G+ has many of the features people have come to enjoy on Facebook and the two giants are fueling many competitive improvements and a market niche for each. The native integration between gmail contacts, email, calendar, Google docs, and YouTube makes G+ very user friendly. Even more exciting to me is the inclusion of G+ group videoconference technology, what G+ calls a hangout. Hangouts allow any member to commence a group video conference/call with up to ten people, all for free.

No doubt you’ve used a speakerphone during a vestry meeting, or perhaps for a telephone interview of an applicant for a job opening. Adding video is a nice touch to these standard communication tools. Video allows people to see nonverbal communication and increases attentiveness. While gmail has provided free 1:1 video calls, G+ Hangouts open a new realm of possibilities. I’ve used hangouts to:   

  • Join a staff meeting when I was out of town 
  • Convene a mentoring/small group conversation with 5 others 
  • Set up a congregation hangout (video chat room)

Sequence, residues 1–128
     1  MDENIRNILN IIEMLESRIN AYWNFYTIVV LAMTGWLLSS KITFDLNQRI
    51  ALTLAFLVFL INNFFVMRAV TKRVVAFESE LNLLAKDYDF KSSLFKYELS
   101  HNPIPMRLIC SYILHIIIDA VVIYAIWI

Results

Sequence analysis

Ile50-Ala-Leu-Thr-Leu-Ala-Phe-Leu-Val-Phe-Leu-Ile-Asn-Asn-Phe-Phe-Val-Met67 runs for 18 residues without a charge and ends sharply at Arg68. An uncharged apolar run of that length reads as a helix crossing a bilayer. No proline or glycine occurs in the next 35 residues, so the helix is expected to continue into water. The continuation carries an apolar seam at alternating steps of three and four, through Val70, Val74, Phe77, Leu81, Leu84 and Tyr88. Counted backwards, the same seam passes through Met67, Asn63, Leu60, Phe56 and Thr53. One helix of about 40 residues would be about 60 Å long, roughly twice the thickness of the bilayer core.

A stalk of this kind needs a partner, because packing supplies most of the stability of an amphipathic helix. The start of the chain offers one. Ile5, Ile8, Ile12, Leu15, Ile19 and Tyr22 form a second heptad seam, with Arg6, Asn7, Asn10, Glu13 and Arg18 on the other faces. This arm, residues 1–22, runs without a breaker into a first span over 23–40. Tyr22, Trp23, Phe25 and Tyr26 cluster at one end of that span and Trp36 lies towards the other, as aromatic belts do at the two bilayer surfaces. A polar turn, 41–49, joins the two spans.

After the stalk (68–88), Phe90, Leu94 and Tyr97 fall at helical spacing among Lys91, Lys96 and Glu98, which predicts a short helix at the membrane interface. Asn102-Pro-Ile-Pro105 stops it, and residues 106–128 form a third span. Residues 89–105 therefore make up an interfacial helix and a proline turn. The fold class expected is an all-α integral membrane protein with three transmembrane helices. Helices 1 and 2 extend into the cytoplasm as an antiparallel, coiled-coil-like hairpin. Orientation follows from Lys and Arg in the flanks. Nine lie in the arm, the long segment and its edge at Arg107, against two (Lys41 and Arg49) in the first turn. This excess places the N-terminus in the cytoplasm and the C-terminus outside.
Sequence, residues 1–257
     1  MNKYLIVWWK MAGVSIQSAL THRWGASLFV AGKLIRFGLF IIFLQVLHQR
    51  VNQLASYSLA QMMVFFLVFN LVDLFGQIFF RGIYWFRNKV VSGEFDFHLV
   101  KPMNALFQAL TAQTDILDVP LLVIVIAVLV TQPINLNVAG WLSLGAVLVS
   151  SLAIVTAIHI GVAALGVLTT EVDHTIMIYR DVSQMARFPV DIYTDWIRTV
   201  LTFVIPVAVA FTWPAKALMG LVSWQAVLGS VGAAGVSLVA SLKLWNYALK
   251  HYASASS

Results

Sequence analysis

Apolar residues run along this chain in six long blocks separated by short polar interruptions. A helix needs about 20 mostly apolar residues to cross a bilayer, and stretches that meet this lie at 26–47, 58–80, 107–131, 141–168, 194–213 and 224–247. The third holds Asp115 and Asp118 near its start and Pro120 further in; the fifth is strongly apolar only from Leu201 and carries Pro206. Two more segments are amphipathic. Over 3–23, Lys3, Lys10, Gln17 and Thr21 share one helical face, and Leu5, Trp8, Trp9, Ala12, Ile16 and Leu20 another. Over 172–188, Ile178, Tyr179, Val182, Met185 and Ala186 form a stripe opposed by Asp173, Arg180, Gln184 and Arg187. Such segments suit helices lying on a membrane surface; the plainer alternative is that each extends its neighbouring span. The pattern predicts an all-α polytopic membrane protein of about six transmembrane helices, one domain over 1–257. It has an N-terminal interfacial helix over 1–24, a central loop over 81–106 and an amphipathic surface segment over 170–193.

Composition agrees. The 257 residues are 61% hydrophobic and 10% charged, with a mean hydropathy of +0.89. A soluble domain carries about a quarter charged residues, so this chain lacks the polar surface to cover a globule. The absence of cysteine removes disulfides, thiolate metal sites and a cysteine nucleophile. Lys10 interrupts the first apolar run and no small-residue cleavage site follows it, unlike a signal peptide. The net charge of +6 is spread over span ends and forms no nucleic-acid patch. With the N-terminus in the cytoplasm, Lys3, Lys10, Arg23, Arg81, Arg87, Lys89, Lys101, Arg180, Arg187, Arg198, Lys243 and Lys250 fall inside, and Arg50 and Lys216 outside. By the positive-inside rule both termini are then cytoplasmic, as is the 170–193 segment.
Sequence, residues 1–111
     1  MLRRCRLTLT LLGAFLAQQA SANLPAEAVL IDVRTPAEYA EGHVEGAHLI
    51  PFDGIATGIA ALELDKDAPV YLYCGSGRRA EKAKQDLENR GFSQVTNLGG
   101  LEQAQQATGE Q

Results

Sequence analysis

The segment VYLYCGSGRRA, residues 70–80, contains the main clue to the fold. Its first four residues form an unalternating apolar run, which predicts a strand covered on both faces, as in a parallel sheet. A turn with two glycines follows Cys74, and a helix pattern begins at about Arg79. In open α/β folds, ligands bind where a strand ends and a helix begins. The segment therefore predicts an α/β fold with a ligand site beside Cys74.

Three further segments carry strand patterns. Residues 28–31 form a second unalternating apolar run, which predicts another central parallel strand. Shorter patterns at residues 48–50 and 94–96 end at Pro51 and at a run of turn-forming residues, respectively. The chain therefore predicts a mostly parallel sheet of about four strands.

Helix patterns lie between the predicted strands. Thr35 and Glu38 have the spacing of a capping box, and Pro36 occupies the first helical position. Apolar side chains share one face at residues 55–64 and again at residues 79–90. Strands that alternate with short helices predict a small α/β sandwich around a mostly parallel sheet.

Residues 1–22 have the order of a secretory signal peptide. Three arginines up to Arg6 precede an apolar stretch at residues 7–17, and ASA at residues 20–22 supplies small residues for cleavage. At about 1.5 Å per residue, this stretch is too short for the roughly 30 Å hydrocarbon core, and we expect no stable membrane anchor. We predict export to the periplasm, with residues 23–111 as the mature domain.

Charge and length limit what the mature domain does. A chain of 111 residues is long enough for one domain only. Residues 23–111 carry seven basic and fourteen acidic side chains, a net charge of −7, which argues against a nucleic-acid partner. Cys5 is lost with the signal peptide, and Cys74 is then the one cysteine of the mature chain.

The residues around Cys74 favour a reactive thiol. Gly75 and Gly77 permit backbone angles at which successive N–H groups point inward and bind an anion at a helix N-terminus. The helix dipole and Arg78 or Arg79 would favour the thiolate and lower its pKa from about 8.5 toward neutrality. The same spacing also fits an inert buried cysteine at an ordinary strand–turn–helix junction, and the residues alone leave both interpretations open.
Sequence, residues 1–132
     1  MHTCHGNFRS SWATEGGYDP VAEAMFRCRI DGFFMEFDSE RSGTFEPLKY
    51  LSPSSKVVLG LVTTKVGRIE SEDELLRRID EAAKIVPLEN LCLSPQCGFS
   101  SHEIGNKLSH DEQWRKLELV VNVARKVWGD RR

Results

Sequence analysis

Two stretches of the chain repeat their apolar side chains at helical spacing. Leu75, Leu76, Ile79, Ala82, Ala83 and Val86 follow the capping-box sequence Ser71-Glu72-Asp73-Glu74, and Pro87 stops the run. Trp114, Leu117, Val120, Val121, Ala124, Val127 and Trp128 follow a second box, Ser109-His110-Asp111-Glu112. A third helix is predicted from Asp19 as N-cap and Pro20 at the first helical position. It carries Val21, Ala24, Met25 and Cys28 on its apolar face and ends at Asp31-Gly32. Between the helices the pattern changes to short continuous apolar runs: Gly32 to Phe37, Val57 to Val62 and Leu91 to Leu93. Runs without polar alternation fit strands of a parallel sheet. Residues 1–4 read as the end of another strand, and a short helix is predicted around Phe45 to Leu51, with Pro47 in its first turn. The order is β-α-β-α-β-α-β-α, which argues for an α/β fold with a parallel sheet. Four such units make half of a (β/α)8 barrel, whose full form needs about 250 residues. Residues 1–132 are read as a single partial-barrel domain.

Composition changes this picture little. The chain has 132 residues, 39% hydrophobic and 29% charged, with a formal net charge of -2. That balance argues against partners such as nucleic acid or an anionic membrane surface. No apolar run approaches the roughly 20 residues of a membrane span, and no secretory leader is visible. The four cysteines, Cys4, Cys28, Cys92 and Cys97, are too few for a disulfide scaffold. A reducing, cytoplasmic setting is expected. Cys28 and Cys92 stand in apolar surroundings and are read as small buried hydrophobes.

• Network with a group of Episcopalians that share a common interest 
  • Hold interfaith conversations 
  • Enjoy a video chat with three of my children who attend different colleges on the East Coast   

G+ Hangouts are designed to foster engaging dialogue and connection. The technology is minimal, giving almost ubiquitous and easy access to anyone with high speed internet (cable, fiber, wifi, mobile, satellite, fixed-wireless) in suburban and metropolitan areas as well as for those living in what are considered underserved communities and rural farmland and deserts.  

Cost Saving Advantages

Some Episcopal Provinces are subscribed to Adobe Connect, paying for access and using conference call technology that adds additional charges for toll-free calls. Other offices use subscription based Go-to-Meeting/Webinar which has limited interactive features and is set up for unidirectional dispensation of information and knowledge. Since G+ is free and offers integrated holistic communication solutions, I suspect that it may satisfy the needs and goals of vestry and finance teams alike.